Raising a Fuss Over Pooches and Pitchers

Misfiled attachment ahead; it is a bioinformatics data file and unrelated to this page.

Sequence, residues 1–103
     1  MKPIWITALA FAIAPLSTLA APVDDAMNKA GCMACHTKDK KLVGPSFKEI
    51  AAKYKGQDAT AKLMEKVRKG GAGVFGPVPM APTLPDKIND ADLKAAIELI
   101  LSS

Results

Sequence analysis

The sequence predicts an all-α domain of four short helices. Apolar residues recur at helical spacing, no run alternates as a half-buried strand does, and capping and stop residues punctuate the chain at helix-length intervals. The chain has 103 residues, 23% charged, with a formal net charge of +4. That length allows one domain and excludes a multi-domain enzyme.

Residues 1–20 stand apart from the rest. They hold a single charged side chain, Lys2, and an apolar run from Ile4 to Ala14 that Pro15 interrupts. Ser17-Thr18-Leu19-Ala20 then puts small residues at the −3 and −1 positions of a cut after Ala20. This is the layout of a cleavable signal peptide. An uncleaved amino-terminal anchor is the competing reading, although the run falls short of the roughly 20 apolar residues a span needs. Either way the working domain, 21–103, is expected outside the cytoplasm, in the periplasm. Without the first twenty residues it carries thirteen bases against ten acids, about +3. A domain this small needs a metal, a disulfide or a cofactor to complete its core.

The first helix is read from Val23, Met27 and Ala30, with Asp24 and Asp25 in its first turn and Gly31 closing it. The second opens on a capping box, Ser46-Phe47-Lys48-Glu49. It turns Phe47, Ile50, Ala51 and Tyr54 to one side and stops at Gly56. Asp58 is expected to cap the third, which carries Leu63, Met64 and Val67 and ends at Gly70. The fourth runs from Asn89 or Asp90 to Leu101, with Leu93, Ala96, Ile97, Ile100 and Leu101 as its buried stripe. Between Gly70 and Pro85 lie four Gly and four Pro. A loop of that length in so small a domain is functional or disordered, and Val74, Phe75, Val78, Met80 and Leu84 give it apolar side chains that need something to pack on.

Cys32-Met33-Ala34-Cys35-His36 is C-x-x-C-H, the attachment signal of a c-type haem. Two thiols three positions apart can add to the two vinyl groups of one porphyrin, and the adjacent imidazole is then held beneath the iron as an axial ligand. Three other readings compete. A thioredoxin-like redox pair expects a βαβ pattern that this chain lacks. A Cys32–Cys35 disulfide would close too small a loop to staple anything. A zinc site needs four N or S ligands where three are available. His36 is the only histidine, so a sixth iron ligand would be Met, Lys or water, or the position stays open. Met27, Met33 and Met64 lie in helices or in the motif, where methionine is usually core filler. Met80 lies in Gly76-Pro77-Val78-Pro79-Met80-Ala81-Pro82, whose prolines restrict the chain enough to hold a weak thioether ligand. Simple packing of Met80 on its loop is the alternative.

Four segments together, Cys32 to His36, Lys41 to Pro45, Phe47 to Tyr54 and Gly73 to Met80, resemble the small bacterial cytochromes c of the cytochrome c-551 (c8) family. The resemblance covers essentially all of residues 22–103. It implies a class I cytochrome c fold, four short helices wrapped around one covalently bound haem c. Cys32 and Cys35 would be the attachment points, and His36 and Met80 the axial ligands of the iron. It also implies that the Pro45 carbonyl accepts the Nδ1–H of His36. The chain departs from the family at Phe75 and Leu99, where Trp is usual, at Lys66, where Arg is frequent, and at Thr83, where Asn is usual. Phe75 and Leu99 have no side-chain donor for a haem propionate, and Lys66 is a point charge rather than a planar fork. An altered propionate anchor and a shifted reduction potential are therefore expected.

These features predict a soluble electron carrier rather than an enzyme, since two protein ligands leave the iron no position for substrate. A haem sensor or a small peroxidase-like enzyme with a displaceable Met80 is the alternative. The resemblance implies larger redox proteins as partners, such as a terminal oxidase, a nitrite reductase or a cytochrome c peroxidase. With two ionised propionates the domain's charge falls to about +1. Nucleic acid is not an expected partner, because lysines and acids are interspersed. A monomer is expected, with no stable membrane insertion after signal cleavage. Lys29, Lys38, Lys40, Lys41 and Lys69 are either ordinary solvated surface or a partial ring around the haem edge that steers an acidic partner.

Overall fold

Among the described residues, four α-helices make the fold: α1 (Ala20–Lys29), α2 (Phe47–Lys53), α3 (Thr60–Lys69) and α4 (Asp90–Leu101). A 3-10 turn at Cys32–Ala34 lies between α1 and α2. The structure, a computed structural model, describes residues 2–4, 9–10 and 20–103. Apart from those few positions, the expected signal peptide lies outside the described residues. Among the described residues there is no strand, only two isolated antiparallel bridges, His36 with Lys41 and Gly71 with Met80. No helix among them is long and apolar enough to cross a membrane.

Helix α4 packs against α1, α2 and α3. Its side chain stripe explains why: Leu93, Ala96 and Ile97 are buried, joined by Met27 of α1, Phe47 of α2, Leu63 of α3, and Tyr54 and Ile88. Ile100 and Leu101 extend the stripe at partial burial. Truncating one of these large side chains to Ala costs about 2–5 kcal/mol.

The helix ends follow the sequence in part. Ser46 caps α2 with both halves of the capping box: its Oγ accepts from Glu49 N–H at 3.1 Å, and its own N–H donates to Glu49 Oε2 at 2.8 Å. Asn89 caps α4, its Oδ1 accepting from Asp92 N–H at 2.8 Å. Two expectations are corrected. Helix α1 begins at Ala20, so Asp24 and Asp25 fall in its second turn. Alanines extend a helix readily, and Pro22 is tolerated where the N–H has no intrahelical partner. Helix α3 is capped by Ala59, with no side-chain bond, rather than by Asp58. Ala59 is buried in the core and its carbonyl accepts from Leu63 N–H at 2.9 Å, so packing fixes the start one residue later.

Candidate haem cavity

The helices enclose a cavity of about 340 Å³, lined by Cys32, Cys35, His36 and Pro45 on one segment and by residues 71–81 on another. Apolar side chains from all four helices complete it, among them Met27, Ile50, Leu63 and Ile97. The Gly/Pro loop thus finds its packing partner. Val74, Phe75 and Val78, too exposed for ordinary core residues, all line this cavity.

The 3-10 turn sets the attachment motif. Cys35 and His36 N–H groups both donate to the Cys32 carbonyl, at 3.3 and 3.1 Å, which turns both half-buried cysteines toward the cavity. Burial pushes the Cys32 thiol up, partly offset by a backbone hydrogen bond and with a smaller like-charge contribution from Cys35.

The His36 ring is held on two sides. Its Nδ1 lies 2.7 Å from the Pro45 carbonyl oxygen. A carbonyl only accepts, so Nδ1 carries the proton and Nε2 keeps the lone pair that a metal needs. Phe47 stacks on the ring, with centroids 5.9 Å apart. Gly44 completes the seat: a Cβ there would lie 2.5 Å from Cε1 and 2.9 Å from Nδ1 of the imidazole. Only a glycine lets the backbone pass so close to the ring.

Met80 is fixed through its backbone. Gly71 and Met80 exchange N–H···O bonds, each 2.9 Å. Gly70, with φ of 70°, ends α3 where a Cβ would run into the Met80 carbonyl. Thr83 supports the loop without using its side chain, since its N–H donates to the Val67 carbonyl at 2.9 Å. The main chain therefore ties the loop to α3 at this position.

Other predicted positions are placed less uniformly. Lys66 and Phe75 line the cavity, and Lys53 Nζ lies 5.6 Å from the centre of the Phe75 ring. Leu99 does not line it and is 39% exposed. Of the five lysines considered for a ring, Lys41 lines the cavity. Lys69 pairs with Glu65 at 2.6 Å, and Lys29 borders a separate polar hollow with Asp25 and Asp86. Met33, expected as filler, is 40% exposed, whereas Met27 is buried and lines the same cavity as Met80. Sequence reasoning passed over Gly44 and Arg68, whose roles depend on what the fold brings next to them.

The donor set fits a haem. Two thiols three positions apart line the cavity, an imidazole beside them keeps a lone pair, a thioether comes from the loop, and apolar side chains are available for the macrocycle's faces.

NOBODY took video pictures of this one, so it didn't get into all the papers and on the big television, but I surmise you'd like to hear about it just the same.Well, it seems that in one of our lesser Maine towns a gentleperson, female, went to the municipal office to pay the fee for her dog's license, approaching the proper minion in good spirit and clutching the money in her hand. This lady was, at the time, a senior citizen, and well past the impulsive days of her youth. With a pleasant smile and cheerful good morning she stated the purpose of her call, and was told that it was late for such a transaction, that dog licenses were due some time since, and in a ddition to the fee there would be a penalty of $4. Our heroine considered this, and asseverated calmly that this didn't make sense to her, and that she was not about to pay any penalty. The fee, yes, but nothing more. The minion aforesaid didn't agree with this, and as a consequence the confrontation was concluded - the lady offering the fee but no more, and the poor, abused minion refusing to take the fee unless the penalty were paid as well. According to our local newspaper, that's where things stood at that moment. Presently, however, a police cruiser from the town constabulary arrived at the home where this lady's dog resides, and the unfortunate pooch was obliged to stand by while the uniformed officers arrested his mistress, applied handcuffs to her wrists, and took her away. The lady, it seems, was delivered to the police station and entered and received in due form, where she got the full treatment - mugshots, fingerprints, shakedown, and all. I'm making some of this up to help fill out space, but not to the e xtent that it makes any difference - for a $4 crime in a small Maine town you're entitled to your money's worth. As I said, nobody got any videotape of this heroic episode, so it might possibly be that the policemen concerned have a version of their own which, if not faithful, would have the merit of being droll. Be that as it may, the same issue of the newspaper that told about said episode had another story which took my fancy. It said this same police force, so ready and handy at going after delinquent dogs, is the beneficiary of a $7,000 appropriation. This sum will equip the officers with the most modern semiautomatic, anticrime firearms. Changing the subject abruptly, I'd like to tell about our center fielder back in the 1920s. Well, I watched Roger Clemens pitch on the TV for the Red Sox at Toronto, and it seemed to me that every time he threw a pitch everybody in Canada knew exactly where it was going. This is not, really, good. Jimmie Pearsall, who used to play center field for the Red Sox, said once that if he could guess where the ball would be, he could hit any pitch out of the ballpark. Now, back in the 1920s, our pitcher for the Town Team was Hank Prout. The difference 'tween him and Roger Clemens was simple but expansive. When Hank threw a ball, nobody knew where it was going, not even Hank. This contributed a certain hilarity to the sport, but in our league at our time it made Hank an effective pitcher. Our only problem was that nobody could catch Hank. We all took a try at it, but such was Hank's erratic manner that we did well, like the Ancient Mariner, to stoppeth one of three. We did play our catcher some 10 feet behind the plate, where he would have a better chance, but this left us open to bunts and was not the best answer. Accordingly, we moved the catcher back behind the plate, and brought our center fielder in to become assistant catcher, and he stood a rod or so toward the backstop, ready to shag anything our catcher couldn't handle. That worked dandy. We moved the left fielder to the right and the right fielder to the left, and thus covered the outfield with two players. Opposing coaches used to complain at this deployment of our team, but our coach said there was nothing in the rule book at that time which said a center fielder has to play in center field. One coach countered that there is no rule, either, against a pitcher's working off a stepladder. We counter-countered by fetching a stepladder. But our best, and most compelling, argument was that with Hank Prout pitching, the enemy wasn't about to win anyway, so why raise a fuss?